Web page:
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Lead Free boards

Views: 1681

#43617

Lead Free boards | 28 August, 2006

WE have been running a leaded product for a few years and while the product is exempt from PB free regulations the components have been comming in lead free reciently and this caused little or no change in the process and or product, However! the Boards came in lead free in this last order. Keep in mind we are running a basic econo-pak with no-clean foam flux and where haveing good success with the process. immediatly upon soldering the first leadfree boards with 63/37 the solder joint quality suffered poor wetting / wicking and in this case "through-hole" an unaceptable amount of voids / blow holes. "more so on high mass parts" ie: terminals, fuse clips" has anybody out there preformed a leaded process through-hole on a leadfree circuit card populated with lead free parts? and if so are these symptoms predictable and curable.

note: we are a CM so controll of product can be difficult. in short we would not have ordered lead free boards.

your thoughts and insights would be appreciated

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Steve

#43619

Lead Free boards | 28 August, 2006

What kind of lead free board? ImSn, ImAg, ENIG, OSP?

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#43620

Lead Free boards | 28 August, 2006

Steve, Thats a good question, I'll go find out.

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#43621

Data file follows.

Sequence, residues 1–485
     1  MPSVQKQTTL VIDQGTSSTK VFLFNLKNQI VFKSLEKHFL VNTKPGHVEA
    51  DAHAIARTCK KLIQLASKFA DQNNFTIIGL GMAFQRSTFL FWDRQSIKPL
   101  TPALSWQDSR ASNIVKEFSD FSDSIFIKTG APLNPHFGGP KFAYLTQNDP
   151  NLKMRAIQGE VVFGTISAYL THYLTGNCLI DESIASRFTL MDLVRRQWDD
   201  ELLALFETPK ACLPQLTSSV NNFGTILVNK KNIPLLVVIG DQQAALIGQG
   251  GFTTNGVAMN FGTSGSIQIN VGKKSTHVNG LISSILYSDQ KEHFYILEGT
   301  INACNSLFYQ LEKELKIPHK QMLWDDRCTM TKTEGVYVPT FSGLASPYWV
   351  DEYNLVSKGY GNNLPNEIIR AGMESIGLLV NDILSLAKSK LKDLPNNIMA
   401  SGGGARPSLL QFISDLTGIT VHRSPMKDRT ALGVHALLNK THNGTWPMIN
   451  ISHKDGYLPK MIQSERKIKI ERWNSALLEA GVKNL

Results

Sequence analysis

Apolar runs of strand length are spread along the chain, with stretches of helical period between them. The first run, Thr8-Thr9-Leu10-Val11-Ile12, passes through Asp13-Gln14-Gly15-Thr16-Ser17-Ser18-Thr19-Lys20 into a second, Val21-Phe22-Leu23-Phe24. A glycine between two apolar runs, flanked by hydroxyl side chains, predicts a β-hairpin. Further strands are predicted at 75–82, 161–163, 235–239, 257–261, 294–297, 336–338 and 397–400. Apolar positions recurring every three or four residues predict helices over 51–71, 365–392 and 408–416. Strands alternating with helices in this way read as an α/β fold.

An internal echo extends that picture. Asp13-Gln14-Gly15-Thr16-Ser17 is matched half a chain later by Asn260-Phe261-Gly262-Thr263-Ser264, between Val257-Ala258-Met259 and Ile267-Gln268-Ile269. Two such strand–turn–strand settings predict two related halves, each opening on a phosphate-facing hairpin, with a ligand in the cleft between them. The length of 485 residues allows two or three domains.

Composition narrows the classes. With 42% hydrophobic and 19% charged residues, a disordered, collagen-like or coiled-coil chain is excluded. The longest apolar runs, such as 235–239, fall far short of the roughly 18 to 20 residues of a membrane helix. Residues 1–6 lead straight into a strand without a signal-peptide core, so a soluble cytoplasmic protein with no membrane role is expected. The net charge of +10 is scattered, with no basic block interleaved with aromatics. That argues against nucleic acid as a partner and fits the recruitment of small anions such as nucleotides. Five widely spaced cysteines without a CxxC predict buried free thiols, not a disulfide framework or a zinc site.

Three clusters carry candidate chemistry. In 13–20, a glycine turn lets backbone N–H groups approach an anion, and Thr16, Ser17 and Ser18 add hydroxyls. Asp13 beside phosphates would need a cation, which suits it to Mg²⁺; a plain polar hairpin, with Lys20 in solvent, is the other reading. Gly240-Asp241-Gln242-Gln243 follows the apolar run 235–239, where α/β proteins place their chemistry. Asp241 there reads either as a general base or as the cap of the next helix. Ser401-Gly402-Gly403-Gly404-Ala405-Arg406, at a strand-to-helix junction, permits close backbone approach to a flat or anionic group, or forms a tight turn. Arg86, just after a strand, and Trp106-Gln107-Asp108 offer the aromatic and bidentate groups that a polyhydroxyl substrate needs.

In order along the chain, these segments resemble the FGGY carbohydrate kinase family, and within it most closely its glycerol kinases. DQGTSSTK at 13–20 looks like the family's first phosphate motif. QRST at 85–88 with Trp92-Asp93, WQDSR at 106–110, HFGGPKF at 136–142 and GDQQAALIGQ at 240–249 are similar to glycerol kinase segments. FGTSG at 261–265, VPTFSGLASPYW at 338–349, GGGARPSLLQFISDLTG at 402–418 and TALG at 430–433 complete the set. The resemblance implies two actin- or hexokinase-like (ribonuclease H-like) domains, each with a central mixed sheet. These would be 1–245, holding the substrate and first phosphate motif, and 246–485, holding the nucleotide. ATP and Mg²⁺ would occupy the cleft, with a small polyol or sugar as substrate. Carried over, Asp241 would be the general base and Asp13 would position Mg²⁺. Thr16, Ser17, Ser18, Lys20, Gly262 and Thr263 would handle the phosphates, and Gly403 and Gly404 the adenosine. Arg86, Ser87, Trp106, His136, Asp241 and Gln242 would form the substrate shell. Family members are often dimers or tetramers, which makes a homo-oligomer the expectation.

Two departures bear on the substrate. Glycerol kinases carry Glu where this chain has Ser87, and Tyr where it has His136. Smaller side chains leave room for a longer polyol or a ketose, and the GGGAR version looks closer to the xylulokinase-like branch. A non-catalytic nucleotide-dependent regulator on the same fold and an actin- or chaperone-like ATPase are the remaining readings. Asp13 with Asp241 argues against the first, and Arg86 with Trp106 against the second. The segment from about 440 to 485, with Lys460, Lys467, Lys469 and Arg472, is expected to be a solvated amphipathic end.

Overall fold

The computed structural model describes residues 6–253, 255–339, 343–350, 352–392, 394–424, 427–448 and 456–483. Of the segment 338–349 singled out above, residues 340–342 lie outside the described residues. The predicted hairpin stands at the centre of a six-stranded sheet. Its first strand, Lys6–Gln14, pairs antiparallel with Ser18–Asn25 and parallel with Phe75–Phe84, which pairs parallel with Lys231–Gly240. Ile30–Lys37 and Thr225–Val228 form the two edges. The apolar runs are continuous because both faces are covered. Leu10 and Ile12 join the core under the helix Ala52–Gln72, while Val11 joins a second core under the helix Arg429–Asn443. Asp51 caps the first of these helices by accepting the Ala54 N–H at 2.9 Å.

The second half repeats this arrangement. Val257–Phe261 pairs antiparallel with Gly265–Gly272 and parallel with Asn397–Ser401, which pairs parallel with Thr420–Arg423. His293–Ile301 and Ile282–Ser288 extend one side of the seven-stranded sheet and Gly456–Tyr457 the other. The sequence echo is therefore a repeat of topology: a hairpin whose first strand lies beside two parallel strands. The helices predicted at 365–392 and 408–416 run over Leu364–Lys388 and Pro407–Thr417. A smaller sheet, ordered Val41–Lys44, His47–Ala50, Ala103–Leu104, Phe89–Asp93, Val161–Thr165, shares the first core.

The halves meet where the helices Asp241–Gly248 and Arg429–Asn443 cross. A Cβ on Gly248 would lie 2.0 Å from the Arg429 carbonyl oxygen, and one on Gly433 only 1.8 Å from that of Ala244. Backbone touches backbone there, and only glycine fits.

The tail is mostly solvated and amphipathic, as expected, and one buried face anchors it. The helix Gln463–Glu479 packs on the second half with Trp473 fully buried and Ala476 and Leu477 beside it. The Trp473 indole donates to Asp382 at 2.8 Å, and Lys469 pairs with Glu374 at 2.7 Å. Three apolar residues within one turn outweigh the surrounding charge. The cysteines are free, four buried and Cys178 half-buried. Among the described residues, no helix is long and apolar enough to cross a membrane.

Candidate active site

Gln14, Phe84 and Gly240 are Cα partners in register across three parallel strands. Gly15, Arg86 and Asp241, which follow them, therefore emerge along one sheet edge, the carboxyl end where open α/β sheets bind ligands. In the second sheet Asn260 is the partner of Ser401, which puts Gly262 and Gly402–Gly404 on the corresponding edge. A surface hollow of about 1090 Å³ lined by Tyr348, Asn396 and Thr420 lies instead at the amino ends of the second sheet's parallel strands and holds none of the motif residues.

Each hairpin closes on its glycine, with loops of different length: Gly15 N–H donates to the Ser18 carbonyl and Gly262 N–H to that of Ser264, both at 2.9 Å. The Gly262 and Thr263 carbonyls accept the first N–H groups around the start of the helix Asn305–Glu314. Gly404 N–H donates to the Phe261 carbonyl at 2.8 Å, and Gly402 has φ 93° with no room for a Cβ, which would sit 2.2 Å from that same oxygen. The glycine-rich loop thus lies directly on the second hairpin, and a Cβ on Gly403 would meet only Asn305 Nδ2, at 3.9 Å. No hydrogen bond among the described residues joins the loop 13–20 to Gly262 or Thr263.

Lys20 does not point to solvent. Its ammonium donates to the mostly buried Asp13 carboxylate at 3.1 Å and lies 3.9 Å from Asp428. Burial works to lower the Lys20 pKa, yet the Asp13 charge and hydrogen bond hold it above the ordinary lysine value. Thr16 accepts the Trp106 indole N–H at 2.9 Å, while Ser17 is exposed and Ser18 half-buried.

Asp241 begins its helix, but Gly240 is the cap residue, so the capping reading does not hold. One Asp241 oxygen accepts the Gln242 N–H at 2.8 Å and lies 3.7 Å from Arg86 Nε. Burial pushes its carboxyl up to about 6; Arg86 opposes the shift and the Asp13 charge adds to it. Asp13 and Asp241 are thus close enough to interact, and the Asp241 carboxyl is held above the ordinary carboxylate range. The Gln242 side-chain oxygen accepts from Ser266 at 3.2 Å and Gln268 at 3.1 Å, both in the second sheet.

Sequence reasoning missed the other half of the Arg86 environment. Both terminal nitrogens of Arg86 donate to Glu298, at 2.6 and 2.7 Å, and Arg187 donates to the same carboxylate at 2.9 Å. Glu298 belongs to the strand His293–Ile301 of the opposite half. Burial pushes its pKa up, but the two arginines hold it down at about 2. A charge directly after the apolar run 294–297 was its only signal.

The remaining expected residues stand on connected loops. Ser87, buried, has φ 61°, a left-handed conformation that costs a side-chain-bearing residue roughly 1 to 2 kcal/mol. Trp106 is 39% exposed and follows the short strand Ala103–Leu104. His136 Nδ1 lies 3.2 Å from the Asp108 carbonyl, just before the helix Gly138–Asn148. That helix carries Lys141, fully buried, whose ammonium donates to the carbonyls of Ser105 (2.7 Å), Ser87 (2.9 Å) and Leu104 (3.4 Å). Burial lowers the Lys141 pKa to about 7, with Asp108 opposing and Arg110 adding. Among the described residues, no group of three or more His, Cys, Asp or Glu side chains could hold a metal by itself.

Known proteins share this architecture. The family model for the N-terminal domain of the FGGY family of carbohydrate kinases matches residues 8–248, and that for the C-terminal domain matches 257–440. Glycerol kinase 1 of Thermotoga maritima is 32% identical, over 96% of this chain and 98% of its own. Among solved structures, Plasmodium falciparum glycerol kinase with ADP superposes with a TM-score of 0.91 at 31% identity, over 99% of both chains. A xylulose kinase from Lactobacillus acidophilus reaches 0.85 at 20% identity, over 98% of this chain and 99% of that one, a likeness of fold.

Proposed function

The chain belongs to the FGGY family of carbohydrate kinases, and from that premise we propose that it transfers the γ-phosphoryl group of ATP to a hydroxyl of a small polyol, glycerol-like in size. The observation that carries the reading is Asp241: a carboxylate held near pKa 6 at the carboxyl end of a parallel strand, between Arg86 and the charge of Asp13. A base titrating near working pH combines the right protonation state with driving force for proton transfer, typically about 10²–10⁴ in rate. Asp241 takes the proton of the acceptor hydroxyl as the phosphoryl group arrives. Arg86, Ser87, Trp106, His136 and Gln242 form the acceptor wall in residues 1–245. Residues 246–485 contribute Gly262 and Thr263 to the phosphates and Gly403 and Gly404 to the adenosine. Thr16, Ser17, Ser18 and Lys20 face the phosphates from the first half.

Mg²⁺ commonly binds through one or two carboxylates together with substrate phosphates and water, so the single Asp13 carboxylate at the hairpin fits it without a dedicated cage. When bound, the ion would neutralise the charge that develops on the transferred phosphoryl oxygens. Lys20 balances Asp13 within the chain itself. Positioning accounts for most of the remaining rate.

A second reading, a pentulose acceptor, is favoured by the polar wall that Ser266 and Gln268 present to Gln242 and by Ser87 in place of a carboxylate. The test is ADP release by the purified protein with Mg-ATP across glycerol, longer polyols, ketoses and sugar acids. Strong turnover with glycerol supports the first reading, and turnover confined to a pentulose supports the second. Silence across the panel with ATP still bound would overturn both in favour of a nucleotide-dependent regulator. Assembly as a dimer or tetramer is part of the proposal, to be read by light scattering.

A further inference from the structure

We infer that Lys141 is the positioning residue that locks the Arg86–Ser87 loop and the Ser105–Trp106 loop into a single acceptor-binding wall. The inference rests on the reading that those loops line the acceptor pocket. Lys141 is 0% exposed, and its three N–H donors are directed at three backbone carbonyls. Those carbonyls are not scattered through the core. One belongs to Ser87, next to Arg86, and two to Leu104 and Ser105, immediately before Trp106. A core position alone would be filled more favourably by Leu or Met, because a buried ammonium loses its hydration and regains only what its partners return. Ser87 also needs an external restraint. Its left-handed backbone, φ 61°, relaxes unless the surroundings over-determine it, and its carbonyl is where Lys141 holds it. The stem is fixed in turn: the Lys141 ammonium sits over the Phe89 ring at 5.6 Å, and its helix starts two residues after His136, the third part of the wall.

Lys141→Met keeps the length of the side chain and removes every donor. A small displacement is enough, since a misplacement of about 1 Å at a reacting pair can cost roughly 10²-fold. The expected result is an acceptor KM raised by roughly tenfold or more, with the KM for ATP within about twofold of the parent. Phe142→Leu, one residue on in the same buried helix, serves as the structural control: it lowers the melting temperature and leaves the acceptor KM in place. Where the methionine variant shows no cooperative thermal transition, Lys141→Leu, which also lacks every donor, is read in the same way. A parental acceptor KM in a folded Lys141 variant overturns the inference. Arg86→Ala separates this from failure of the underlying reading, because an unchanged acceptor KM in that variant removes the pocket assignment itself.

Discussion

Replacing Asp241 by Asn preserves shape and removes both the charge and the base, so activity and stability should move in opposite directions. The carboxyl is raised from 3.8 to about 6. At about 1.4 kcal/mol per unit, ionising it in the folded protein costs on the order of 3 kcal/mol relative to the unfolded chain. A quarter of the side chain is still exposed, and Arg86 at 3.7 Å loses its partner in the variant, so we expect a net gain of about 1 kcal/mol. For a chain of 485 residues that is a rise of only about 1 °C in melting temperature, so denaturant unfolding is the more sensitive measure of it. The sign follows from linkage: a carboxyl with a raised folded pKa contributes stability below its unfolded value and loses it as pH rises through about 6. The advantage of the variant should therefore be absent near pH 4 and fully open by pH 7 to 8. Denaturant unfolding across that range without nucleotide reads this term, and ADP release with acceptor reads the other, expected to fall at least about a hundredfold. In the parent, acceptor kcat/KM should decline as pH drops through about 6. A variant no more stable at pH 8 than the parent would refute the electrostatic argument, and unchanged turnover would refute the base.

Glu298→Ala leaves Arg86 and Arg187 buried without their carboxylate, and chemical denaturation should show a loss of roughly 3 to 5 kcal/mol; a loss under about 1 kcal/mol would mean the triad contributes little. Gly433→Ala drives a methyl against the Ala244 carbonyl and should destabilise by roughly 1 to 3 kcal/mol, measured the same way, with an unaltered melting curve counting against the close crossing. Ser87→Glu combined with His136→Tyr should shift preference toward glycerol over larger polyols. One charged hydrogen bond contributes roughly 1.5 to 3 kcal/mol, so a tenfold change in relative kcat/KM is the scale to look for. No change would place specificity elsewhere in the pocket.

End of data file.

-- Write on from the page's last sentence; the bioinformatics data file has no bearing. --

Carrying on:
Lead Free boards | 28 August, 2006

Steve,

while I'm trying to find out what type we are working with would it be possible for you to elaborate on the difference? what do the acronyms mean ?

Thanks Bruce

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RDR

#43622

Lead Free boards | 28 August, 2006

Sounds like your PCBs are now white tin. Change this to another roHS compliant finish and see if prob goes away.

You must get control of the materials that you are being asked to build. Your Customer needs your advice on surface finishes, they should not be talking with the PCB suppliers or sales people for finish recommendations

Russ

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Steve

#43624

Lead Free boards | 28 August, 2006

Bruce, I agree with Russ. Seems like you might be dealing with white tin boards. Most likely the least expensive of the choices. Here's a link that I found quickly that will help you with the acronyms I used. http://circuitsassembly.com/cms/content/view/2278/95/

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Board House

#43628

Lead Free boards | 28 August, 2006

ImSn - Immersion Tin - Not Recomended- short shelf life

ImAg - Immersion Silver - Prefered Surface finsh by most Board houses, Best reworkablility, 12 moth self life,

ENIG - Electroless Nickel Immersion Gold - Second Choice for Board Shops, 12 -18 Month self life, No Colored solder masks ohter than Green can go through this chemistry, Blue and Red will contaminate the nickel and gold baths. If Blue or Red is required the board would be 100% plated and then soldermask applied.

OSP - High Temp OSP ( Organic Solder preservitive)- Very User friendly for Board house, not so good for CM's or OEM's unless they are set up for this finish. Finish is applied before shipping product. Chemical spray coating over virgin Copper.